Farewell.—Believe me ever your affectionate friend, P- B- Shelley.

LETTER LXVU.
To Mas. WILLIAMS.

(CASA MAOICI.)

Pisa, July i.ltn.

Yoc will probably see Williams before I can*

disentangle myself from the affairs with which I

•• Monday. July 1st.

* « Calm and clear. Rose at 4 to get the top-sails

altered. At 12 a line breeze from the westward tempted am now surrounded. I return to Leghorn to-night, and shall urge him to sail with the first fair wind, without expecting me. I have thus the pleasure of contributing to your happiness when deprived of every other, and of leaving you no other rabject of regret, bnt the absence of one scarcely worth regretting. I fear you are solitary and melancholy at Villa Magni, and, in the intervals of the greater and more serious distress in which I am compelled to sympathise here, I figure to myself the countenance which had been the source of such consolation to me, shadowed by a veil of sorrow.

How soon those hours passed, and how slowly they return, to pass so soon again, perhaps for ever, in which we have lived together so intimately, so happily! Adieu, my dearest friend! I only write these lines for the pleasure of tracing what will meet your eyes. Mary will tell you all the news. S.

LETTER LXVIII.
To Mrs. SHELLEY.

(CABA MAONI.)

Pisa, July 4, 1821.

Mi Dearest Mart,—J have received both your letters, and shall attend to the instructions they convey. I did not think of buying the Bolivar; Lord B. wishes to sell her, but I imagine would prefer ready money. I have as yet made no inquiries about houses near Pugnano—I have no moment of time to spare from Hunt's affairs; I

us to weigh for Leghorn. At 2 stretched across to Lerici to pick up Roberts; and at half-past found ourselves In the offing, with a side wind. At half-past 9 arrived at Leghorn—a run of forty-five to fifty miles in seven hours and a half. Anchored astern the Bolivar, from which we procured cushions and made up for ourselves a bed on board, not being able to get on shore after sunset, on account of the health-office being shut at that hour.

•' Tuetday, 2d.

•' Fine weather. We heard this morning that the Bolivar was about to sail for Genoa, and that Lord Byron was quitting Tuscany, on account of Count Gambia's family having again been exiled thence. This, on reaching the shore, I found really.to be the case; for they had just left the police-office, having there received the order. Met Lord Byron at Dunn's, and took leave of him. Was introduced to Mr. Leigh Hunt, and called on Mrs. Hunt Shopped and strolled about all day. Met Lieutenant Maraham, of the Rochefort, an old school-fellow and shipmate.

"Wedneiday, 3d.

"Fine strong sea-breeze.

•• Thurtday, 41*.

"Fine. Processions of priests and religiosl have for several days been active in their prayers for rain; but the gods are either angry, or nature is too powerful."

am detained unwillingly here, and you will probably see Williams in the boat before me,—but that will be decided to-morrow.

Things are in the worst possible situation with respect to poor Hunt. I find Marianne in a desperate state of health, and on our arrival at Pisa sent for Vacca. He decides that her case is hopeless, and that although it will be lingering, must inevitably end fatally. This decision he thought proper to communicate to Hunt; indicating at the same time, with great judgment and precision, the treatment necessary to be observed for availing himself of the chance of his being deceived. This intelligence has extinguished the last spark of poor Hunt's spirits, low enough before. The children are well and much improved.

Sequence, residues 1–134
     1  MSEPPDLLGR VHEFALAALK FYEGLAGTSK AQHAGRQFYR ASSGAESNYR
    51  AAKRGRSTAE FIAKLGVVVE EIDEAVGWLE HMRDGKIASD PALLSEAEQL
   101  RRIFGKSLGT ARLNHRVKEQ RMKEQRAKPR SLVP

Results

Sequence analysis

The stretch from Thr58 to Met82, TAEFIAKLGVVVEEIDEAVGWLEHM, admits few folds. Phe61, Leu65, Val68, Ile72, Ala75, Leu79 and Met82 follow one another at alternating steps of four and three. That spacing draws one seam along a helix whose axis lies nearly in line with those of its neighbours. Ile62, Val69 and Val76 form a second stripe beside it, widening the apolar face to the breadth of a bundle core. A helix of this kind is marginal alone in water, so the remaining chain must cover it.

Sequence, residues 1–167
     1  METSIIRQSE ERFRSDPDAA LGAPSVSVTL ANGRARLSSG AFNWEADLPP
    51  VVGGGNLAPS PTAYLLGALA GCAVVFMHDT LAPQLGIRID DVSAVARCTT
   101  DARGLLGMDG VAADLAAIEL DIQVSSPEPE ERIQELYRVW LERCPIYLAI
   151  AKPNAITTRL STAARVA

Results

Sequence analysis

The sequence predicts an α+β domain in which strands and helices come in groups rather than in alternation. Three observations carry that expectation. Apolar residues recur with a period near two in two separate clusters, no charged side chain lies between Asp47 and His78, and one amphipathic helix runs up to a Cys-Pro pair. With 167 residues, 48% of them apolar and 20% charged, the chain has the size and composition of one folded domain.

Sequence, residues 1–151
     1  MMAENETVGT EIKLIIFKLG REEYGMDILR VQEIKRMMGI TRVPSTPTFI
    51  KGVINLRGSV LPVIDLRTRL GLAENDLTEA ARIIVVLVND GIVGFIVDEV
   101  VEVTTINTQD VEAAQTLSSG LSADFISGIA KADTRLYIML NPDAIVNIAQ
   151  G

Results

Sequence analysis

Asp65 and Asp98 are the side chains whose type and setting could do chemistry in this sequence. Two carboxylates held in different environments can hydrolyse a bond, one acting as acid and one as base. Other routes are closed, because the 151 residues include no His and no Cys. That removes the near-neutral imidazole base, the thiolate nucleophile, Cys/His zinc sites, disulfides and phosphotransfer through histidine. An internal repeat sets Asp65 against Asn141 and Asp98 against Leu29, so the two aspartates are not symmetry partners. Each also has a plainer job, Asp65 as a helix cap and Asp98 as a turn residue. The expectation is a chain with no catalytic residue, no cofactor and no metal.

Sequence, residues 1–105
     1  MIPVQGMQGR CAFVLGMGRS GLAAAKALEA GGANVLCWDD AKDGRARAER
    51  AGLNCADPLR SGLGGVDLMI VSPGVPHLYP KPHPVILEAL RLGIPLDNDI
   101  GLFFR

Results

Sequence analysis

Lord Byron is at this moment on the point of leaving Tuscany. The Gambas have been exiled, and he declares his intention of following their fortunes. His first idea was to sail to America, which was changed to Switzerland, then to Genoa, and last to Lucca. Everybody is in despair and everything in confusion. Trelawny was on the point of sailing to Genoa for the purpose of transporting the Bolivar overland to the lake of Geneva, and had already whispered in my ear his desire that I should not influence Lord Byron against this terrestrial navigation. He next received orders to weigh anchor and set sail for Lerici. He is now without instructions, moody and disappointed. But it is the worst for poor Hunt, unless the present storm should blow over. He places his whole dependence upon the scheme of a journal, for which every arrangement has been made. Lord Byron must of course furnish the requisite funds at present, as I cannot; but he seems inclined to depart without the necessary explanations and arrangements due to such a situation as Hunt's. These, in spite of delicacy, I must procure ; he offers him the copyright of the Vision of Judgment for the first number. This offer, if sincere, is more than enough to set up the journal, and, if sincere, will set everything right.

How arc you, my best Mary! Write especially how is your health and how your spirits are, and whether you are not more reconciled to staying at Lerici, at least during the summer.

You have no idea how I am hurried and occupied; I have not a moment's leisure, but will write by next post Ever, dearest Mary, Yonrs affectionately, S.

I have found the translation of the Symposium.